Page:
That is why you are having the problems it is not a standard H480 you have fooled around with the firmware and have run into the problems that others before you and that is you should not change what does not need to be changed. I am sure that Yuneec have embedded some sort of hardware or firmware into their machines so that they can not be changed easily. With this change to Px4 control firmware, just what are you trying to achieve, ie: way points, planning routes etc. They are all there in this forum with safe hacks using std Yuneec firmware from other models. I think I will give v it a miss as my roof and building Inspection business needs a very stable Machinew which happens to be a STD H480, or next stage up to H+ or H520. Lots of luck for your venture.
Keep flying on the green side of the grass.
Actually.. I am not having problems with it at all. I just wanted to play with you a little with my "stability issues". ;-)
The PX4 is very stable and enjoyable to fly on the TH 480. What I am achieving with the stock PX4 firmware, are exactly those which R G mentioned above: acrobatics, full mission support, versatility, lifespan extension (new features) for the platform .. and I like to tinker with these and have fun doing it! I feel quite safe to say that this hot-rodded Typhoon is the highest performance off-the-shelf prosumer drone there is and there will be... ;-)
This is not for everyone, though. If you are concerned about crashing the drone, experimental firmwares might not be for you. The upgrade process requires you to be somewhat familiar with STM32's. I am going to keep my another Typhoon fully stock too. But if you are more into aerobatics, SW development, fully autonomous missions, photogrammetry/mapping flights etc.. then this is something you might be interested in. After erasing the Yuneec's original firmware and bootloader, there is no going back. But my goal is sort of to get the PX4 port running so that there would be no need to. The Typhoon's MCU, STM32F405RG, comes protected with RDP Level 1 protection which means that the MCU's flash is read-protected. Yuneec wants to protect their IPR (crypto-bootloader with keys I assume, and the firmware to make sure their huge investment in R&D is not stolen and the integrity of firmware is not compromised when upgraded by traditional means). First step in running a custom firmware is unlocking the MCU which erases it, then flash the bootloader via SWD and the actual autopilot FW via either the SWD or USB. I am using PX4's bootloader with little modifications.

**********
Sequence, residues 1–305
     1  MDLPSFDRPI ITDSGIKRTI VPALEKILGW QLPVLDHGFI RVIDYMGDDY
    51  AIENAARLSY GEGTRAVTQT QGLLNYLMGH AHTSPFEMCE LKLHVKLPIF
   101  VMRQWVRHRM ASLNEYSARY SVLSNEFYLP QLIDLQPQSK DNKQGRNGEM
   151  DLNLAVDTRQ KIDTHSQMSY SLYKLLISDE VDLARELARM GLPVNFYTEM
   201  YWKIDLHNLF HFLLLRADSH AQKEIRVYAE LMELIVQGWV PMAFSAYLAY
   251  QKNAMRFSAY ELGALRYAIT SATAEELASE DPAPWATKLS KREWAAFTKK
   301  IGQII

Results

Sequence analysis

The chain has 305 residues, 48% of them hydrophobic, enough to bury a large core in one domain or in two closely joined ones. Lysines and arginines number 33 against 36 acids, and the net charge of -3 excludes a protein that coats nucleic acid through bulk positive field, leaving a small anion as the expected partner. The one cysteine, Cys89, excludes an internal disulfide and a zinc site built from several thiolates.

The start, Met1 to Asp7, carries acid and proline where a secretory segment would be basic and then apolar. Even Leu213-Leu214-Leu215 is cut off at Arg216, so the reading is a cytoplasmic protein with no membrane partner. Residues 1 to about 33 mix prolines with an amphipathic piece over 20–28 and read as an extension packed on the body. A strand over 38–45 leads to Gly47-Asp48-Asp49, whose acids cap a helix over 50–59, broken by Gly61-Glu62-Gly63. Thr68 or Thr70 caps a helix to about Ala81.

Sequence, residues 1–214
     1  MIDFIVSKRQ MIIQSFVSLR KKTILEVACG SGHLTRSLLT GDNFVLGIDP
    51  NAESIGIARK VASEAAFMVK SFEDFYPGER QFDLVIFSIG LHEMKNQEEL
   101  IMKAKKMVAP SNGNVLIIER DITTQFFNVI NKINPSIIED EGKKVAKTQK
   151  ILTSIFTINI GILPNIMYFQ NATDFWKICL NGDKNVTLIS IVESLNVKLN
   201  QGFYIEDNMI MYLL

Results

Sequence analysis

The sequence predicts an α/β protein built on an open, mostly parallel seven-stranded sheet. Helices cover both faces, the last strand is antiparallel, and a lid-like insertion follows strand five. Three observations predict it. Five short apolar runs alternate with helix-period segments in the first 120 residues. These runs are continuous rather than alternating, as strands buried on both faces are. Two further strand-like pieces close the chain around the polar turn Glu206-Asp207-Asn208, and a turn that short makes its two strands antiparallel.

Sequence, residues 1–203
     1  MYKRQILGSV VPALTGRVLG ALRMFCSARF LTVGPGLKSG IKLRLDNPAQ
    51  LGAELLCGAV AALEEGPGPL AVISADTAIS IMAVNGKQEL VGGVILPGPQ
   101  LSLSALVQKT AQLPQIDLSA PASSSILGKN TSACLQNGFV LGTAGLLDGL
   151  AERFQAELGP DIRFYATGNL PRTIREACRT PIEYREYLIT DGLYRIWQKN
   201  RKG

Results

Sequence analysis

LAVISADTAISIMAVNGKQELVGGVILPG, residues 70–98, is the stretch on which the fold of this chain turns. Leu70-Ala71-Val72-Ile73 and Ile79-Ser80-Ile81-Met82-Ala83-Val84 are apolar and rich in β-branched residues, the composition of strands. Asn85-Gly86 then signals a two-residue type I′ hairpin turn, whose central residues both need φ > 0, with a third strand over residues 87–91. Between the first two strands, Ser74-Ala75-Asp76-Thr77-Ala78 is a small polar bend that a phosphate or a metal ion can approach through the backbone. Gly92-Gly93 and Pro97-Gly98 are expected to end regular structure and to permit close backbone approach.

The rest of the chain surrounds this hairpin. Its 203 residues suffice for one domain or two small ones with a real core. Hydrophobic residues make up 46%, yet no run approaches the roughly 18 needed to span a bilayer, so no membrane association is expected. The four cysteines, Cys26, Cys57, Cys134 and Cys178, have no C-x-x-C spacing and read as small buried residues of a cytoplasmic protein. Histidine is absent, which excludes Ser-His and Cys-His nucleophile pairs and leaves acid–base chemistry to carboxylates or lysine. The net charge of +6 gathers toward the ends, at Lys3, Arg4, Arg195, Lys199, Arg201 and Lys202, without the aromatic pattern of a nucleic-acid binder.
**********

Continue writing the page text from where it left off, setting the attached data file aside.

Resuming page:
The only way to go back to the Yuneec's stock firmware, is getting a stock MCU board, which, however is a easy drop-in replacement and easily available. That's something I am doing with the drone on the video, too; its original MCU board is stored if I'll ever want to go back.
I'm pretty sure, that the TH actually runs some customized variant of PX4 in its stock form, too. Almost all peripherals, including Yuneec's very special motor controllers (tap_esc) and the SR-24 receiver, are all supported by PX4 which made this rather easy, very likely thanks to Yuneec's co-operation with Intel and DroneCode (Intel Aero drone is almost identical to the Typhoon) back when the TH was developed.
There are few things to do before it can be considered suitable for common use. The PWM for driving the CGO3+ needs to be done, AD converter pin mapping and scaling should be done for getting the battery voltage level, SR 24 telemetry to ST 16 needs fixing (should work with the ST24 though) and I thing it would be nice to run the IMU heater using PX4's heater driver. Or through some PID controller instead of keeping it on all the time (and IMU temp at 40-50 degrees C). But well, the winter is coming and the MPU 6050 does not like cold and me neither... And thanks, lots of luck is needed with this one! ;-)